EP: It seems that a lot of poets, including me, are interested in science. How do you see poetry and science interacting as subject matter or in the ways in which we examine the world?
AS: I think poetry and science have a lot in common. To do either well you have to cultivate habits of wonder. You have to be more interested in asking questions than finding answers. And you have to regard the fact that there’s something rather than nothing inexhaustibly mysterious. I mean, think about it—the sheer unlikeliness of life deriving from subatomic bits of matter born at the big bang, forged over millions of years in the core of some primordial sun that eventually explodes, only to reconfigure light years away by the force of gravity (whatever that is) into this sun, this solar system, this earth circling at just the right distance from a sun that’s just the right size to enable that matter, those same ancestral particles to warm up only enough to combine and recombine until in some primordial soup they come alive as cells, microbes, bacterial mats, which in turn reshape themselves in a cascading daisy chain of generations spanning eon after eon, through ice ages advancing and retreating, over continents drifting together and breaking apart, from sharks, to loan sharks, from hedge hogs to hedge fund managers. What were the odds of everything unfolding out of nothing as it did! Or the just as unlikely possibility, once human beings had evolved, that the genetic crap shoot would fall out so as to make my life turn out as it had. Think of your lineage, such as it is, exponentially reaching back behind you: two parents, four grandparents, sixteen great grandparents, sixty-four great-great grand parents, two-hundred fifty-six great-great-great grand parents. Think of those hundreds of unknown forebears, say, in 1836 on the day the Alamo fell, all scattered across different continents, at different ages, in different walks of life, some this, some that, all somehow somewhere, in order to make you possible, having to meet, date, marry, make love, get raped, miss trains, go off to war, duck, come back from war, get sick, die or divorce, remarry—how fucking unbelievable is that? What were the chances that all that hooking up and unhooking would take place, much less lead to you or me, or that I’d even end up being Jewish? I mean, if you just go by the numbers, it’s a miracle I’m not Chinese!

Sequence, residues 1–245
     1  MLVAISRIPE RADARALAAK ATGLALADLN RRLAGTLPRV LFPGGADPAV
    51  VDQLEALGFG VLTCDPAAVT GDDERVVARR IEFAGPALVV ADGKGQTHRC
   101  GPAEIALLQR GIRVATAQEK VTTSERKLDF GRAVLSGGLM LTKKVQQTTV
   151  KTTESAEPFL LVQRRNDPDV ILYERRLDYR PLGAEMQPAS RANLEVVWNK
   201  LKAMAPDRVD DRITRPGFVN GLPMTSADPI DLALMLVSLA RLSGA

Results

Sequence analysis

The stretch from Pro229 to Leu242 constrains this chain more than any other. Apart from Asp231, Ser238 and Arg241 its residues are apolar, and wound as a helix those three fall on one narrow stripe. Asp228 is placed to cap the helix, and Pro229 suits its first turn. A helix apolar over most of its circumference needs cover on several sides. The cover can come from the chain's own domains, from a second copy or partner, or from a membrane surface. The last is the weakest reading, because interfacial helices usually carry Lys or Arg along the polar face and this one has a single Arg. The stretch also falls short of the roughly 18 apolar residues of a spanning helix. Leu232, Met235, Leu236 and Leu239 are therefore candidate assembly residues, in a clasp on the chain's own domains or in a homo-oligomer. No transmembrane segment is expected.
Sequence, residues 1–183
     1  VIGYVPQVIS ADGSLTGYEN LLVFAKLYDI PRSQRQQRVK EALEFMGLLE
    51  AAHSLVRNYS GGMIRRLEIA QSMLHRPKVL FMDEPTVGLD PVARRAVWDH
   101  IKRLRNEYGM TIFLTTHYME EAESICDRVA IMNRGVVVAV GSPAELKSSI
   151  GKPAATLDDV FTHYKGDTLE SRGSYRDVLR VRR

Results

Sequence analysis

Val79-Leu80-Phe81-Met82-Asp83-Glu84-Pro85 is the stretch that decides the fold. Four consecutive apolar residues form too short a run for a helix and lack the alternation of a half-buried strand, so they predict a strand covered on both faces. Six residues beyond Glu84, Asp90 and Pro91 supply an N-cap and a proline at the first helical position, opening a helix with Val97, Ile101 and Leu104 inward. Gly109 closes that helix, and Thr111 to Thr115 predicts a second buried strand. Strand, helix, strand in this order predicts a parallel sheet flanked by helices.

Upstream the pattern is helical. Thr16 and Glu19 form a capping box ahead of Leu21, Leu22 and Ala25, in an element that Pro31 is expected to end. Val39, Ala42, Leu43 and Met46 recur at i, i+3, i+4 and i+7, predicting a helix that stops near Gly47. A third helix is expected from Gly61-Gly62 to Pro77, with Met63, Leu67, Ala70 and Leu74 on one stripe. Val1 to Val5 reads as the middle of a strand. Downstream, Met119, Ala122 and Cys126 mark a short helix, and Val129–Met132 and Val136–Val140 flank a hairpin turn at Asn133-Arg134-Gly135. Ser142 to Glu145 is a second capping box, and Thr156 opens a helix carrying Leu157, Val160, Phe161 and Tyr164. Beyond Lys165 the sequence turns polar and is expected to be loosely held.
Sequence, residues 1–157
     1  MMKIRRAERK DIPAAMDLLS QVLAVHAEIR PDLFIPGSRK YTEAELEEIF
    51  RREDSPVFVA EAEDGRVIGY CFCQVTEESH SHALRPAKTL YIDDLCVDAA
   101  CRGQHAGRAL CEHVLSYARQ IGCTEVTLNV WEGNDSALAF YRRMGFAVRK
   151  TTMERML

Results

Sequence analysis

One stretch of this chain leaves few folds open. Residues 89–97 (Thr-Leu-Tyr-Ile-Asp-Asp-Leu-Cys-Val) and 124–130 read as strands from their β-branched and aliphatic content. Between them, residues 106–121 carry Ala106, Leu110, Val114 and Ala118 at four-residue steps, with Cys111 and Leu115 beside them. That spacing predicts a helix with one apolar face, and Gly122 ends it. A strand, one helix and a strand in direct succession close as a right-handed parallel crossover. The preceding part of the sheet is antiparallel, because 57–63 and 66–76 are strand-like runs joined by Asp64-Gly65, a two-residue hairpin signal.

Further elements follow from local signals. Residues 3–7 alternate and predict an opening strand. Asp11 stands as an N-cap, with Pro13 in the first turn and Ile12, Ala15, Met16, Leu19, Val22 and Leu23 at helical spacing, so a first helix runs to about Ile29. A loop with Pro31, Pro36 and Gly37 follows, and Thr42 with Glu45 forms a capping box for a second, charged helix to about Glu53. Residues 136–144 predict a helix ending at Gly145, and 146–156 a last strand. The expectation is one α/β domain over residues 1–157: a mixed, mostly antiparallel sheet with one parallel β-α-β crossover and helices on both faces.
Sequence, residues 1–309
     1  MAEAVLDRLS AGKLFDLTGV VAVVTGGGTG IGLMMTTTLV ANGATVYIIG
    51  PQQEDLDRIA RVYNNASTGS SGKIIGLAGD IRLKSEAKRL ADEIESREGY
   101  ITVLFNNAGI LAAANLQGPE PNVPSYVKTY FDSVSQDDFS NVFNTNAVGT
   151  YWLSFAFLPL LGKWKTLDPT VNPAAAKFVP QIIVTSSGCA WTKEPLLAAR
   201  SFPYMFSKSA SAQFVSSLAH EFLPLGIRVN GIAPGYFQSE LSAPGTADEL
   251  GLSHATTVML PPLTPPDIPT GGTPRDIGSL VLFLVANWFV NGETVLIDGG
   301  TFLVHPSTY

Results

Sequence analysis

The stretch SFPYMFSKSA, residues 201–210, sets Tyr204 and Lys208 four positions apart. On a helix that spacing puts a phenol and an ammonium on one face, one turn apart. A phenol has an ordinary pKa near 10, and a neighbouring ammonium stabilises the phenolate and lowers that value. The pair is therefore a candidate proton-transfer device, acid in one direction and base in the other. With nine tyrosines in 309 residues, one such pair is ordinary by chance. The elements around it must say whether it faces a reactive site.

EP: How do places, in general, inform your poems?